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Antibody responses in Plasmodium falciparum malaria and their relation to protection against the disease
Stockholm University, Faculty of Science, Wenner-Gren Institute for Experimental Biology.
2004 (English)Doctoral thesis, comprehensive summary (Other academic)
Abstract [en]

Protective immunity against Plasmodium falciparum may be obtained after repeated exposure to infection. Several studies indicate that immunity against the blood stages of the P. Falciparum infection is mainly antibody mediated. Protective antibodies may act either on their own, mediate antibody-dependent phagocytosis and/or cell-mediated neutralization of parasites. This thesis describes several aspects of humoral immune responses to P. falciparum infection in individuals of different age groups, different genetic background and with different degrees of malaria exposure.

Several target antigens for antibody-mediated inhibition of parasite growth or invasion have been identified. One such antigen is Pf332, which appears on the surface of parasitized erythrocytes at late trophozoite and schizont stage. This surface exposure makes the antigen a possible target for opsonizing antibodies. We optimized an in vitro assay for studying cellmediated parasite neutralization in the presence of Pf332-reactive antibodies. Our data demonstrate that, Pf332 specific antibodies are able to inhibit parasite growth on their own and in cooperation with human monocytes.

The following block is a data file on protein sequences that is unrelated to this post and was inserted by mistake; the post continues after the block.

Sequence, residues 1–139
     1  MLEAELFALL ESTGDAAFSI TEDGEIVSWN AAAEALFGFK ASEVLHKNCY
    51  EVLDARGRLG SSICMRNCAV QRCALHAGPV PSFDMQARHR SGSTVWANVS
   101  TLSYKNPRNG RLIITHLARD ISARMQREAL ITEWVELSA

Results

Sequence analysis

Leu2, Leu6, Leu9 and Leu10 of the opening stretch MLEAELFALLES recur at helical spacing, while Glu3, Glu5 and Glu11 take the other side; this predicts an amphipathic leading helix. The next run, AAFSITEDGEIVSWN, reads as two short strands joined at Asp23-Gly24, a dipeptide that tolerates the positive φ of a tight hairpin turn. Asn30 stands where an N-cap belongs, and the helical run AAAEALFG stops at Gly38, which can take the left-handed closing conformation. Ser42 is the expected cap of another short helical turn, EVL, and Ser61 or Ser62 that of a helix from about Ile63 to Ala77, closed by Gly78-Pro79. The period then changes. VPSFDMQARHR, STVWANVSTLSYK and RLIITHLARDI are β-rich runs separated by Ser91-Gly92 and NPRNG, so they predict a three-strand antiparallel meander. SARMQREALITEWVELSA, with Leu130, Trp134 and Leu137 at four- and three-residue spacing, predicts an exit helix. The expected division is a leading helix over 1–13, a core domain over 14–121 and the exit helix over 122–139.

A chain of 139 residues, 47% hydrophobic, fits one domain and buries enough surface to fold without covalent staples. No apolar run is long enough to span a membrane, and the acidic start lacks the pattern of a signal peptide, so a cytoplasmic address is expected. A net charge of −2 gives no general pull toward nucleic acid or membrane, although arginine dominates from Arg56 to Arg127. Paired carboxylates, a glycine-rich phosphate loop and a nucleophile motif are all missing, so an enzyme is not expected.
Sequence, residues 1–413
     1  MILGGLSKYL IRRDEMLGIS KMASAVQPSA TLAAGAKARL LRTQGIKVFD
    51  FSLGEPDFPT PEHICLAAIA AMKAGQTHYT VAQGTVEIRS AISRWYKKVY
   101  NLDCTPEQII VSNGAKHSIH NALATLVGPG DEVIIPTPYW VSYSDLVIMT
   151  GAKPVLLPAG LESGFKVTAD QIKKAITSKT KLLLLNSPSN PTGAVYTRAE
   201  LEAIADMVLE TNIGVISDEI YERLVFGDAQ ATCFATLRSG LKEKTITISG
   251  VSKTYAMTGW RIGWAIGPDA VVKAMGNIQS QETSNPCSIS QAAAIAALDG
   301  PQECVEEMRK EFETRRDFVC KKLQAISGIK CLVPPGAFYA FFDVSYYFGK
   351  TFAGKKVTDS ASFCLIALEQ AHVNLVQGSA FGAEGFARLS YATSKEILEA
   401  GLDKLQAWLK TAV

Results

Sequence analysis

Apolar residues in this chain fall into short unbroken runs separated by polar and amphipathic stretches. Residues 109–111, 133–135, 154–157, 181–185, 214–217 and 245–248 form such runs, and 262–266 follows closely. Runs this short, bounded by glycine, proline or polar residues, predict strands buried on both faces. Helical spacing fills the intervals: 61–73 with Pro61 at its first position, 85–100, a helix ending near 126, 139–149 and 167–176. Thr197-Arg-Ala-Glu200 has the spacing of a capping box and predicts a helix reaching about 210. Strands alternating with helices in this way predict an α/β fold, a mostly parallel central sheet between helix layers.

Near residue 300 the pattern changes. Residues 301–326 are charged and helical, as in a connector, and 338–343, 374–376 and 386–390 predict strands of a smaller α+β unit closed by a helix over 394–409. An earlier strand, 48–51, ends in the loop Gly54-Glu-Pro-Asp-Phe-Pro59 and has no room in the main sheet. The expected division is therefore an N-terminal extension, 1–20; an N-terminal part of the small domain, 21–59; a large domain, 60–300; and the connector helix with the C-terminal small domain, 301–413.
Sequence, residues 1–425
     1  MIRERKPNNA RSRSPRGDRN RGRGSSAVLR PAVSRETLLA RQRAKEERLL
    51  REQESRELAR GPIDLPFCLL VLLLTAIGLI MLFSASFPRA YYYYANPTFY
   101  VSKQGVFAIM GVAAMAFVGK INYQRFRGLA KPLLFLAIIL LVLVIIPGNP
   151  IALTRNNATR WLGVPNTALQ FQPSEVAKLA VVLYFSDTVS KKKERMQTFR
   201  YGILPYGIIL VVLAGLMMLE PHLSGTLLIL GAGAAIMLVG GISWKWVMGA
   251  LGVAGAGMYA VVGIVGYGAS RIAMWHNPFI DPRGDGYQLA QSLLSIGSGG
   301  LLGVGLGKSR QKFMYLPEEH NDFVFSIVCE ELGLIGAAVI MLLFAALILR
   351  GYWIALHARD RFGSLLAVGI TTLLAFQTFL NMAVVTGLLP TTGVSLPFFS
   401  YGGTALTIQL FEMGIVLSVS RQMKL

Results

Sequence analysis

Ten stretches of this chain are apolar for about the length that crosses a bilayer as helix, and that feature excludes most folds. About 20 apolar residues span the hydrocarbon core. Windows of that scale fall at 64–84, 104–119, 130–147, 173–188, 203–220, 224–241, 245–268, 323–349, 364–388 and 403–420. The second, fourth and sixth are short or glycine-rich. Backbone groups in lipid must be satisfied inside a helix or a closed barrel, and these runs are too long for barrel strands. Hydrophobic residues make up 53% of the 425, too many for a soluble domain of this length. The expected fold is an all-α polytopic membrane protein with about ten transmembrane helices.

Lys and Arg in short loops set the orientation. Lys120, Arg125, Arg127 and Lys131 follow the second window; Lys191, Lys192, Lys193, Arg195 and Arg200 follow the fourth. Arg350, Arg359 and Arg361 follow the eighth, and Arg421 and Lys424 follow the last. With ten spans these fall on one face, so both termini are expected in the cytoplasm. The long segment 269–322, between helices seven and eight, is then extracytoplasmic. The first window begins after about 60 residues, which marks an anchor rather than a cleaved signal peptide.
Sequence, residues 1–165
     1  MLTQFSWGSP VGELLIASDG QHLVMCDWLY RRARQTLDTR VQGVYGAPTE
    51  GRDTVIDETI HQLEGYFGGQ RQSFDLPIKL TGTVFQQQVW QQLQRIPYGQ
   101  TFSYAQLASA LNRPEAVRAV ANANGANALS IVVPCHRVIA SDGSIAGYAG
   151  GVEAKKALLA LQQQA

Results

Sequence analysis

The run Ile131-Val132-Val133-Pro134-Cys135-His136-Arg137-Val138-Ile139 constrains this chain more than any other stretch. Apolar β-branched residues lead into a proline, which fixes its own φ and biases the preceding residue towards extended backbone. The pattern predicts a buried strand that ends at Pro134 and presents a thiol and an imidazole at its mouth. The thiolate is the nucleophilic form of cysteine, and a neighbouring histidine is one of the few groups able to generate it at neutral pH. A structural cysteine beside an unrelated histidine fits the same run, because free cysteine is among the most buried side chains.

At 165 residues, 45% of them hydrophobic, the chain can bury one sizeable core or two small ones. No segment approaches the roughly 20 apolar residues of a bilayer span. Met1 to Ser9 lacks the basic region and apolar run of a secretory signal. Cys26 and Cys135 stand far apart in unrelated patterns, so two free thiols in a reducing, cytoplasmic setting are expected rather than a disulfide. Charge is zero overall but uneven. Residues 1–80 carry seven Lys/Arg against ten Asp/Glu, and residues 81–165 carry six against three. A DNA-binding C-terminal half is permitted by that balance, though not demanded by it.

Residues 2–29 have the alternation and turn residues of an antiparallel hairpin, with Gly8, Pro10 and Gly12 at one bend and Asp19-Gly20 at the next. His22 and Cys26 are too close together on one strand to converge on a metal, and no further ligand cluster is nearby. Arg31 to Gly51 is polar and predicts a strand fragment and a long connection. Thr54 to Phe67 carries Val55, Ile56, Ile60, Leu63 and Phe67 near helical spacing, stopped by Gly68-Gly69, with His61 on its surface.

The P. falciparum parasites have evolved several mechanisms to evade the host neutralizing immune responses. In this thesis, we show that freshly isolated P. falciparum parasites from children living in a malaria endemic area of Burkina Faso were less sensitive for growth inhibition in vitro by autologous immunoglobulins (Ig) compared with heterologous ones. Analyses of two consecutive isolates taken 14 days apart, with regard to genotypes and sensitivity to growth inhibition in vitro, did not give any clear-cut indications on possible mechanisms leading to a reduced inhibitory activity in autologous parasite/antibody combinations. The frequent presence of persisting parasite clones in asymptomatic children indicates that the parasite possesses as yet undefined mechanisms to evade neutralizing immune responses.

Transmission reducing measures such insecticide treated nets (ITNs) have been shown to be effective in reducing morbidity and mortality from malaria. However, concerns have been raised that ITNs usage could affect the acquisition of malaria immunity. We studied the effect of the use of insecticide treated curtains (ITC) on anti-malarial immune responses of children living in villages with ITC since birth. The use of ITC did neither affect the levels of parasite neutralizing immune responses nor the multiplicity of infection. These results indicate that the use of ITC does not interfere with the acquisition of anti-malarial immunity in children living in a malaria hyperendemic area.